However, the most recent addition to the think/no-think research looked at individual differences in forgetting, over both short and long time periods. Researchers were able to predict which students were most likely to be successful “forgetters” 12 to 13 months after the think/no-think training, based on how well they were able to forget immediately after training. This indicates that obtaining ‘the eternal sunshine of a spotless mind’ by forgetting negative memories at will may be easier for some than others, giving them the ability to forget more successfully for longer. This may indicate that these individuals are less likely to suffer rebound effects from traumatic experiences.
Hot off the press is new evidence that shows how memory loss is actively regulated at the molecular level. The study drew attention to a protein in a model organism for neural development, the nematode Caenorhabditis elegans, called musashi (MSI-1). In MSI-1 mutants, where expression of the protein is prevented, memory loss was inhibited. This memory loss inhibition brought about by MSI-1’s absence, caused an increase in the levels of a protein complex called Arp2/3, which is involved in the growth of dendritic spines and in establishing strong synapses.
The researchers presented a model for the active forgetting of memories, where MSI-1 regulates neuroplasticity and de-stabilizes neural connections associated with the memory by inhibiting levels of Arp2/3. This subsequently reduces the size, complexity and activity of the associated synapses. The existence of human MSI-1 homologues, indicates that actively choosing to forget a memory may also involve musashi regulated de-stabilization of neural connections associated with that memory in humans.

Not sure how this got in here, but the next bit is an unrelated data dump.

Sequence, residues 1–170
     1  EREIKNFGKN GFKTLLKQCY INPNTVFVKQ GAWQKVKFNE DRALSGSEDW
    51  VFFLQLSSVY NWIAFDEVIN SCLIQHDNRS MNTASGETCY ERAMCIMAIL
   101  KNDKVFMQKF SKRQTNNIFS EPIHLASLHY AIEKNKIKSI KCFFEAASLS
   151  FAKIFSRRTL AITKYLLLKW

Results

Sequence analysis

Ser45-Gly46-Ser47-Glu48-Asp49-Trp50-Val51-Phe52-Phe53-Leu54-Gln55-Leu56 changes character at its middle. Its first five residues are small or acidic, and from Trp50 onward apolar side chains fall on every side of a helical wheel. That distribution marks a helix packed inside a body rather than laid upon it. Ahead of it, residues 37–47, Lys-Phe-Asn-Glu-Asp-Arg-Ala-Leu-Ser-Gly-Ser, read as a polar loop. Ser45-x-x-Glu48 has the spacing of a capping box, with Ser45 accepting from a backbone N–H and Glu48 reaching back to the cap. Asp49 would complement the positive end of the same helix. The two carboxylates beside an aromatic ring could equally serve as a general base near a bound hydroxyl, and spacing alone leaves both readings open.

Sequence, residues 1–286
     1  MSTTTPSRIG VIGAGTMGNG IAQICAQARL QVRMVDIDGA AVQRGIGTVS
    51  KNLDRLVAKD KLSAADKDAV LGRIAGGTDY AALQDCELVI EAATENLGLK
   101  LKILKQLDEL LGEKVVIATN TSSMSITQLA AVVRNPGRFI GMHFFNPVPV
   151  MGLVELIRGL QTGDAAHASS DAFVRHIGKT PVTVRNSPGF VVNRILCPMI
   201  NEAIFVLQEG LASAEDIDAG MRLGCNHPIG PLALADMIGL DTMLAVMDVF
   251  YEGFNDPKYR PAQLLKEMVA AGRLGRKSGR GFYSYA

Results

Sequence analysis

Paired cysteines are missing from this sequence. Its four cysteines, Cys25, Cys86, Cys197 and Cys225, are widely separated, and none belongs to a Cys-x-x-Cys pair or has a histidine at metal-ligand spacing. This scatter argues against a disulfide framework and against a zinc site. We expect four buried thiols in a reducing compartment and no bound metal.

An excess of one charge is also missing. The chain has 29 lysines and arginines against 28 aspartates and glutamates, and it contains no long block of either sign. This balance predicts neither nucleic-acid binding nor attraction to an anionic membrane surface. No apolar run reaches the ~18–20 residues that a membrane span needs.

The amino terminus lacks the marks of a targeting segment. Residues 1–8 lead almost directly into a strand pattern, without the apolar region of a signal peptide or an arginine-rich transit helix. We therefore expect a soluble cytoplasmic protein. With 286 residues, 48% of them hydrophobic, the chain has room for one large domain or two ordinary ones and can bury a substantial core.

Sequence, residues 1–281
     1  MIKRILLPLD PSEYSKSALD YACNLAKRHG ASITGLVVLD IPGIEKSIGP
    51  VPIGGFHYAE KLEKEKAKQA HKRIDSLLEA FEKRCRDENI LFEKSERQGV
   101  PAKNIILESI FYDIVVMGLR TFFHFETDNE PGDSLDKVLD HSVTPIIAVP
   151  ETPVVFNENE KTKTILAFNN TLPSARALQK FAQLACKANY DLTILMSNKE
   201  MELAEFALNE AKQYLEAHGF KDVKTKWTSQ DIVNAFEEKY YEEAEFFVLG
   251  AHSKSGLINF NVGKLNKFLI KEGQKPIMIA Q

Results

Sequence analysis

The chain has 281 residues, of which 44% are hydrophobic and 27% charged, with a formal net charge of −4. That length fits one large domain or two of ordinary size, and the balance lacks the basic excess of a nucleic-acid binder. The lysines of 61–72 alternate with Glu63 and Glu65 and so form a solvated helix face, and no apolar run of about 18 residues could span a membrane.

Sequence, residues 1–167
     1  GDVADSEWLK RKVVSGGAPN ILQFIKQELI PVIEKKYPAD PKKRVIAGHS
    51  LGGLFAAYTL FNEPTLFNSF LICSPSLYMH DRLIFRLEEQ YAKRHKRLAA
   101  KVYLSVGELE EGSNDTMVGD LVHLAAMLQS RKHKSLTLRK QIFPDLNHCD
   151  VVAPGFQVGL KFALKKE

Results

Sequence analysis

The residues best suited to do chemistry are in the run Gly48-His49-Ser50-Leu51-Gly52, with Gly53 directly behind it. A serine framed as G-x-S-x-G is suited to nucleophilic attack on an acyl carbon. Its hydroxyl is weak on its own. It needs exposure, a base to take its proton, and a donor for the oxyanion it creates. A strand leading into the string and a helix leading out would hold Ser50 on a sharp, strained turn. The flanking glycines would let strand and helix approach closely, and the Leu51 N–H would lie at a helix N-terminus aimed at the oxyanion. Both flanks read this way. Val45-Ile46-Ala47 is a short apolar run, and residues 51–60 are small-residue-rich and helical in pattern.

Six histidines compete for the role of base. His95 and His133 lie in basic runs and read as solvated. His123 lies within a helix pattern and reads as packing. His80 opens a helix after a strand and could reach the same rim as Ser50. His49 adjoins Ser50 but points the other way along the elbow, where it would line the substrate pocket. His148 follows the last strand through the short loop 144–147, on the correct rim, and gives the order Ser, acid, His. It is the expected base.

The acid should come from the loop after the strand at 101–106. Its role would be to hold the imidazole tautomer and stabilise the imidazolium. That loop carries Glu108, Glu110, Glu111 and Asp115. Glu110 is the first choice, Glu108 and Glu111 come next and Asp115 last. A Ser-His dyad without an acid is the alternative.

It’s likely that future research will attempt to characterize the precise mechanisms involved in humans and may result in the development of drugs for the prevention of abnormal memory loss in diseases such as Alzheimer’s and Parkinson’s. On the flip side, such research may also prove useful in the treatment of depression and post-traumatic stress disorder, where there is therapeutic value in improving our ability to forget. Nonetheless, we are someway off the development of Eternal Sunshine-esque technologies for complete and specific erasure of unwanted memories.
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Hadziselimovic N, Vukojevic V, Peter F, Milnik A, Fastenrath M, Fenyves BG, Hieber P, Demougin P, Vogler C, de Quervain DJ, Papassotiropoulos A, & Stetak A (2014). Forgetting Is Regulated via Musashi-Mediated Translational Control of the Arp2/3 Complex. Cell, 156 (6), 1153-66 PMID: 24630719
Noreen S, & MacLeod MD (2014). To think or not to think, that is the question: individual differences in suppression and rebound effects in autobiographical memory. Acta psychologica, 145, 84-97 PMID: 24309017